Theft of Service: Penalties, Charges and Defenses

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 What Is Theft of Services?

In criminal law, theft of services refers to a type of crime that may be committed when a person uses a service without providing proper compensation for the service. For instance, a person who uses force, intimidation, deceit, or some other unlawful means to obtain a service, then their actions may constitute a theft of service offense.

This type of crime may also occur when a person intentionally fails to pay a company for its services and continues taking advantage of them until the company demands payment or stops providing the service. Additionally, a theft of service crime can happen when a person deliberately re-routes a service that is already being paid for by another customer and uses the service without paying either the company or the other party.

Some other ways that theft of services can occur include:

  • When the parties have a miscommunication, such as if a company believes that a customer is already paying for the service and the customer thinks that they are being charged automatically;
  • By accident like if a person is in a public space and is using a WiFi connection that does not belong to the public; and/or
  • When a person genuinely does not know that what they are doing is a form of theft.

In order to report theft of services crimes, a person or entity will need to review the laws of the state in which they are reporting the crime as well as the related requirements to do so. Generally speaking, however, the individual reporting the crime will need to determine whether they are dealing with a felony or misdemeanor offense.

For example, a theft of service crime will most likely result in felony charges if the value of services stolen amounts to more than $10,000. On the other hand, theft of service crimes that add up to more than $500, but less than $10,000, will be considered a misdemeanor offense. Again, these amounts are strictly rough guidelines. Each state will have its own specific values to define the type of crime.

Once the individual has established whether the theft of service offense constitutes a felony or a misdemeanor crime, then they can proceed with the actual reporting process. For felonies, it is best if the individual contacts law enforcement directly and does not delay resolution of the issue.

In contrast, if it is a misdemeanor crime and the individual is the one who has been affected, then they may file a lawsuit in their local small claims court. If the lawsuit is successful, the individual may be reimbursed for any financial losses they suffered due to the theft of service action.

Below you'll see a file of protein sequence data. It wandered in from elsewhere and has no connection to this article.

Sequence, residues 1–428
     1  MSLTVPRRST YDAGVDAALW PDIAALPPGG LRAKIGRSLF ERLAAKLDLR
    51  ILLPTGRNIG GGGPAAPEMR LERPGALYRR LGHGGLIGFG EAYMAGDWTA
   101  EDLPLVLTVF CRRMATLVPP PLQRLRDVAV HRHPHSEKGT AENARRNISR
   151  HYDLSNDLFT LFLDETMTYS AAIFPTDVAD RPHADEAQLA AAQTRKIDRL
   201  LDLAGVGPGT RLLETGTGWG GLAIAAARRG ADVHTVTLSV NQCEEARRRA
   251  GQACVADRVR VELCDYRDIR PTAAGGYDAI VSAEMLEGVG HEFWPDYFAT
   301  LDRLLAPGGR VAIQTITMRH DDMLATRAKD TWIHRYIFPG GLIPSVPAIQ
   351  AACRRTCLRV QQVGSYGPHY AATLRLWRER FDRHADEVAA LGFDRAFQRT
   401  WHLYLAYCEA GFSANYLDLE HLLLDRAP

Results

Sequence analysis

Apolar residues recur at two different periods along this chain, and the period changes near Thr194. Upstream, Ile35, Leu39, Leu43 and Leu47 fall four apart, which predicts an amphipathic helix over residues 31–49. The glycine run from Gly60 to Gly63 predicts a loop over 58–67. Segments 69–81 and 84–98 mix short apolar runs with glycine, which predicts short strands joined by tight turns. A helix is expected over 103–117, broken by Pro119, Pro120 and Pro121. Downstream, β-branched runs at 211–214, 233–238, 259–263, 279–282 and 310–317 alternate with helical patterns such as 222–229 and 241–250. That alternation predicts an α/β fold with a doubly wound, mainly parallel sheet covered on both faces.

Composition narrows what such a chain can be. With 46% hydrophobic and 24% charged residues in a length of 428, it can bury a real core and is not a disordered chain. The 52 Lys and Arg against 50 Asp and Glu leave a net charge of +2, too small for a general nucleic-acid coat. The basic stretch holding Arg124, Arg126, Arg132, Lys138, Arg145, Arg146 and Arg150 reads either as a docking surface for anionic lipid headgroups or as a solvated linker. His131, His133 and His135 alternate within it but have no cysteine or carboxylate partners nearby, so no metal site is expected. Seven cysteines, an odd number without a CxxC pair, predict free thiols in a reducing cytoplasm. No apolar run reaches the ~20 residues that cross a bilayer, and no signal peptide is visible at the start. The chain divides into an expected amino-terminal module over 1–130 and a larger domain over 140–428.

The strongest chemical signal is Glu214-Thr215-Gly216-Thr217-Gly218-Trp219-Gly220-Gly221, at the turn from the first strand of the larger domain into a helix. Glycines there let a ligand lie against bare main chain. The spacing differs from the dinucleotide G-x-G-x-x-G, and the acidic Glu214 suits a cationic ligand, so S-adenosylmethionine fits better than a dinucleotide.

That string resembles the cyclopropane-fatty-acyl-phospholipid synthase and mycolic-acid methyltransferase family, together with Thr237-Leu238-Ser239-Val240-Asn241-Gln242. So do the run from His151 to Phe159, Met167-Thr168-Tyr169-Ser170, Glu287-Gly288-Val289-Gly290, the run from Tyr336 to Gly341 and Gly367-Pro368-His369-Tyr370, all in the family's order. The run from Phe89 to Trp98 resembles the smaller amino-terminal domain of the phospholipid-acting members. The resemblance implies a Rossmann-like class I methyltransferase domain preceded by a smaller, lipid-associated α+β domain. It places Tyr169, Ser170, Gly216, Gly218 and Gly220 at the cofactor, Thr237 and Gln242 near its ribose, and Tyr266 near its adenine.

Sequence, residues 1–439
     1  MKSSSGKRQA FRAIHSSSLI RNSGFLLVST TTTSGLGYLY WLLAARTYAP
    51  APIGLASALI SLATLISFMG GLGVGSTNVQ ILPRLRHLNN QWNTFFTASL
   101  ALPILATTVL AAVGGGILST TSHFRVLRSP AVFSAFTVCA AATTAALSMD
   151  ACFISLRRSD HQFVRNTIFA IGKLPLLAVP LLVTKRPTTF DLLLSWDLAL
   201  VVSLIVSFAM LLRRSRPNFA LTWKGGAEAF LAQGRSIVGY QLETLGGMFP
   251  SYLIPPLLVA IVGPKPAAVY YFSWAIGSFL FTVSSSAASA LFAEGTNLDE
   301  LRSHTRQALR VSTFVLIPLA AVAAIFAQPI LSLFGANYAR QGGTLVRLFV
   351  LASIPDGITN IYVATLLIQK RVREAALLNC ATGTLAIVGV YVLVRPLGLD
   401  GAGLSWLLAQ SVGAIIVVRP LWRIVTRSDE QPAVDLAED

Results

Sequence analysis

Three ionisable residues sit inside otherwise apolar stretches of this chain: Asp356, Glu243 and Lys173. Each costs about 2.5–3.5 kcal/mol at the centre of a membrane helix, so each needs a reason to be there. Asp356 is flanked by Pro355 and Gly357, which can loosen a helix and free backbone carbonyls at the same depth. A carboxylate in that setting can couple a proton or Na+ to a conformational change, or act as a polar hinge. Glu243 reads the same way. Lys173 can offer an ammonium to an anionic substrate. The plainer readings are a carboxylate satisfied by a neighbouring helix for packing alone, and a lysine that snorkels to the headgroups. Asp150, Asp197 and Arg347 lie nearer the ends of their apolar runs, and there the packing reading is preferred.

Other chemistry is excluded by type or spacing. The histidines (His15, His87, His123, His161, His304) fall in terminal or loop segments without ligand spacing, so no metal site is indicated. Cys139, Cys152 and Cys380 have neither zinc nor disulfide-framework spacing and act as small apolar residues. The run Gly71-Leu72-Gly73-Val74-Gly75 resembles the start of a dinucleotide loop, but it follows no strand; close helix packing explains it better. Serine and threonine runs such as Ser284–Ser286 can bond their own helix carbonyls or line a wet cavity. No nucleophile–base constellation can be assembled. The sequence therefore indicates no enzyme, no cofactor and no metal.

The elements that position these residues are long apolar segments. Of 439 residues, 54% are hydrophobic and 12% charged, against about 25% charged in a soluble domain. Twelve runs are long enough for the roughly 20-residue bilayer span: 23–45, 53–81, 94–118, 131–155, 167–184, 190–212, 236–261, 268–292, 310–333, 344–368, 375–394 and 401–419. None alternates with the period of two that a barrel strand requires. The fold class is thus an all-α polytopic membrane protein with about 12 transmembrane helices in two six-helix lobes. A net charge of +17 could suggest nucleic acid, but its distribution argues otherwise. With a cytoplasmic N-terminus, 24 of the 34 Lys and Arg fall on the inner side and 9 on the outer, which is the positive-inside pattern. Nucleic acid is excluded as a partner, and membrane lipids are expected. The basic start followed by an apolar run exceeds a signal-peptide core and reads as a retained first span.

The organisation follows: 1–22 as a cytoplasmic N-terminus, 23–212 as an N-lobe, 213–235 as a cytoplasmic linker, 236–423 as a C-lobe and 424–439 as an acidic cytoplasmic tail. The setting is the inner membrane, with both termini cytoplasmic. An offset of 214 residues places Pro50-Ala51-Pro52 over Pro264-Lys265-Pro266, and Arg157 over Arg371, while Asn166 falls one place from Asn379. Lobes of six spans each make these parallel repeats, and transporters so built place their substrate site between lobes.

To prevail on the lawsuit, the individual must be able to present sufficient evidence that proves the services were stolen. Therefore, make sure to gather enough evidence before you file a claim for theft of services in court.

What Are Some Examples of Theft of Services?

Some examples of real-world scenarios that could be considered theft of service crimes include the following:

  • Using hardware or software that illegally diverts WiFi and/or cable services to the person’s residence;
  • Not paying bills for services like WiFi or cable after they have been installed (note that whether a person does this deliberately or by mistake will not matter since both will qualify as this sort of crime);
  • Evading payment of medical or hospital bills;
  • Adjusting an electric or gas meter that is connected to a person’s home for the purposes of decreasing the amount they will have to pay each month on utility bills;
  • Riding public transportation without paying for a ticket or the appropriate fees (like a stowaway);
  • Failing to pay for repair services, such as home renovation costs, car mechanic fees, or landscaping expenses;
  • Using someone else’s credit card to pay for services;
  • Staying at a hotel or similar hospitality service (e.g., motels, hostels, Airbnb, etc.) and checking out before paying the bill;
  • Drinking or eating at a restaurant establishment and skipping out on the check (better known as the act of “dining and dashing”); and
  • Finally, forging or providing a fraudulent copy of a bill to trick a service provider into thinking the person has already paid for the services, pays less than they actually do, or pays more than they usually do, so they can get extra services.

In the event that a person has committed any of the above acts, they should be aware that they could be charged with theft of services and may have to face serious legal consequences.

What Are the Penalties for Theft of Services?